US and China main contributors as global wealth totals $360 trillion
More of the world’s richest 10 per cent live in China than America, according to Credit Suisse report
Global wealth has increased by 2.6 per cent to $360 trillion (£276.8tr) over the last year, with wealth per adult reaching a record high of $70,850, 1.2 per cent above the level of mid-2018, according to the tenth edition of Credit Suisse’s Global Wealth Report.
The research revealed that US, China and Europe contributed most towards the growth, with $3.8 trillion, $1.9 trillion and $1.1 trillion respectively.
In terms of wealth per adult, Switzerland tops the winners (up $17,790) followed by the United States ($11,980), Japan ($9,180) and the Netherlands ($9,160).
Australia was the lowest (down $28,670) largely because of exchange rate effects, with other significant losses in Norway (down $7,520), Turkey (down $5,230) and Belgium (down $4,330).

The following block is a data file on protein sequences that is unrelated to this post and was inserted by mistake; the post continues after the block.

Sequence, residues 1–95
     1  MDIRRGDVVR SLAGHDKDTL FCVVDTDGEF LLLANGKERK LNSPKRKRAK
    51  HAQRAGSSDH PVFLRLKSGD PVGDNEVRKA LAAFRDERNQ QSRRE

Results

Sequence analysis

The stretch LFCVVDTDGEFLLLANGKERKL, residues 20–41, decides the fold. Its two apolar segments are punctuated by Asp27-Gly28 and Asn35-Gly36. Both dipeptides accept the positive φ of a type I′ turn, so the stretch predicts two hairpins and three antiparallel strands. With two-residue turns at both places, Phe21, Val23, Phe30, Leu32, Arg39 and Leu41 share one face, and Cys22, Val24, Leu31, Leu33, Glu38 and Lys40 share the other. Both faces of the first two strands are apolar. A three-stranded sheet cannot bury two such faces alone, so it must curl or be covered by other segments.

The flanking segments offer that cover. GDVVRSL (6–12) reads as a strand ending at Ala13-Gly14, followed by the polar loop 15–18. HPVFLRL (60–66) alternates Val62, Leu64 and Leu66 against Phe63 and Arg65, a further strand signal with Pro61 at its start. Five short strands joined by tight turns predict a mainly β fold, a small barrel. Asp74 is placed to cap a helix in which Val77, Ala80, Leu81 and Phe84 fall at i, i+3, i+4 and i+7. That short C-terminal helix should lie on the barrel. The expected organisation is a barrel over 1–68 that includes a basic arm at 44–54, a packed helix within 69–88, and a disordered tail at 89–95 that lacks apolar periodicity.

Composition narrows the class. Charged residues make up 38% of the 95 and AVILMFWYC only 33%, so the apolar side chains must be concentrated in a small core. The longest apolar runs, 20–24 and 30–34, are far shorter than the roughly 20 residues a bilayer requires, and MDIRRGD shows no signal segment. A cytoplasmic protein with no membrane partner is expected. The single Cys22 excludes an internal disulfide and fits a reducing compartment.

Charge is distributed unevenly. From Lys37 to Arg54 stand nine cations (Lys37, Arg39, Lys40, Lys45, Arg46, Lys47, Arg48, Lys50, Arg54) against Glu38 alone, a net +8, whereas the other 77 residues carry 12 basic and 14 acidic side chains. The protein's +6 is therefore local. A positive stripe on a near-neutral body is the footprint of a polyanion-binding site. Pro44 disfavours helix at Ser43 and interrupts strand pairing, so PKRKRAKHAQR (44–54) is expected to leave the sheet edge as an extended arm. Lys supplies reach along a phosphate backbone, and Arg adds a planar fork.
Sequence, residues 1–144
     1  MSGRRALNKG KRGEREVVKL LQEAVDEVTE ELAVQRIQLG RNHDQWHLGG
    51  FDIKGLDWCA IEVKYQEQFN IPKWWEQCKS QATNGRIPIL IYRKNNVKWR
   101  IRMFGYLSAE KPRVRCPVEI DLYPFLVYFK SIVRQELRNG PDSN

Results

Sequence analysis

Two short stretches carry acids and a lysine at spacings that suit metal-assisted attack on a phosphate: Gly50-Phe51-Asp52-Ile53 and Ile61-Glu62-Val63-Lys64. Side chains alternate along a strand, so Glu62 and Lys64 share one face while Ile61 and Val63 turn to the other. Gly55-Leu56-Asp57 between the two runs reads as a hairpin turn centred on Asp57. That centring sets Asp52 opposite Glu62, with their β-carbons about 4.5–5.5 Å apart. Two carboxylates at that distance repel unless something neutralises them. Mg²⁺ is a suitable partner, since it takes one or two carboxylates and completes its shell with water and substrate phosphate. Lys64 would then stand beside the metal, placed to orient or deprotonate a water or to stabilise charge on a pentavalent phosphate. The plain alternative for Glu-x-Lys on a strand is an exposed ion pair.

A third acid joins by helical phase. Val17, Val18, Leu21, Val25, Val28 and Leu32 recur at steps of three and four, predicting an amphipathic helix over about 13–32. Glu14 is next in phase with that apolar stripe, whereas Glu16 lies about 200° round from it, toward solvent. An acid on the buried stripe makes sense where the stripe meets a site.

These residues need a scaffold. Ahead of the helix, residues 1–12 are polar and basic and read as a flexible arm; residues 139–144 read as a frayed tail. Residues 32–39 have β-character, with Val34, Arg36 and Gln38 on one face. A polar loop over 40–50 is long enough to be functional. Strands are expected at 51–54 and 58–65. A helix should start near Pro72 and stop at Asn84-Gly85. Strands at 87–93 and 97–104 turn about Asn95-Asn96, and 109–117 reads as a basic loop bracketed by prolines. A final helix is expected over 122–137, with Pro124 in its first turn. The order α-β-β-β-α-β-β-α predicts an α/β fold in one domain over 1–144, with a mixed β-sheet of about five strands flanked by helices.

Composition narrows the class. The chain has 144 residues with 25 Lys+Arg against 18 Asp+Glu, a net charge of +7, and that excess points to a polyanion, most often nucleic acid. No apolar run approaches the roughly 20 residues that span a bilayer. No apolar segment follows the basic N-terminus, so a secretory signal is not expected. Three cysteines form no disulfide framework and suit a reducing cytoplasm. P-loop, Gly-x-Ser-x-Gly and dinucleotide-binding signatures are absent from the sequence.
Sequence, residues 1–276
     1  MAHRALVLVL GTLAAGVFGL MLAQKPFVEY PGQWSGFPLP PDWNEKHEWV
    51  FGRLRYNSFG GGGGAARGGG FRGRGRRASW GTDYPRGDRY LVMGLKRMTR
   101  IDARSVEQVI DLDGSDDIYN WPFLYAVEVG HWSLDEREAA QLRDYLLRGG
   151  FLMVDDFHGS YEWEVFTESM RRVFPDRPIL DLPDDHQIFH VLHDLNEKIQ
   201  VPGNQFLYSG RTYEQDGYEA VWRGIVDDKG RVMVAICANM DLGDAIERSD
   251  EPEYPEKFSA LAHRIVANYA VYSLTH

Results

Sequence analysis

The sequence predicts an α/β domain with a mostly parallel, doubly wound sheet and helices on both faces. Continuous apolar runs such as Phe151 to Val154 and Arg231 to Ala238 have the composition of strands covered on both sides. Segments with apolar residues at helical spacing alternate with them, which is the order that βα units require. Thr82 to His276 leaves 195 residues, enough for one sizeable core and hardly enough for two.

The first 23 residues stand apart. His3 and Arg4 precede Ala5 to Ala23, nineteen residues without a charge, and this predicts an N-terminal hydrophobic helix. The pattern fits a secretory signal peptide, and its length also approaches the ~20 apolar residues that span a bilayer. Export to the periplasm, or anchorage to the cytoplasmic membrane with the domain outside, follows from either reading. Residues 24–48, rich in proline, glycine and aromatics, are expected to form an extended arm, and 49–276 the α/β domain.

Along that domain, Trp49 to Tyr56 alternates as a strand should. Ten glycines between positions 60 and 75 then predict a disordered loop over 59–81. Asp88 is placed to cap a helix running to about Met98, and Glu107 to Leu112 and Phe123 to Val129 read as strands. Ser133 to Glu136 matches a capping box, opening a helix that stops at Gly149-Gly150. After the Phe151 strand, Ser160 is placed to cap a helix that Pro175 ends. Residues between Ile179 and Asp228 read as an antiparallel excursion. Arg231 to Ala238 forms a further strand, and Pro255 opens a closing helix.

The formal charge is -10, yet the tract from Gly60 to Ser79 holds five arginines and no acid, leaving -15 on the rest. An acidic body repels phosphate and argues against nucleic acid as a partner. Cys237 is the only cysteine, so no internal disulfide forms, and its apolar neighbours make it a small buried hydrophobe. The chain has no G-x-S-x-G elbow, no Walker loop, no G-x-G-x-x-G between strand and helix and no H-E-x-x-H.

Estimates for mid-2019 show 46.8 million millionaires worldwide, up 1.1 million on 2018. Among the ultra high net worth group in mid-2019, the report estimates that 55,920 adults are worth at least $100 million, and 4,830 have net assets above $500 million.
North America dominates the regional breakdown, with 84,050 members (50 per cent), while Europe has 33,550 (20 per cent), and 22,660 (14 per cent) live in Asia-Pacific countries, excluding China and India.
This was the first year that China recorded more members of the global top 10 per cent (100 million) than the US (99 million).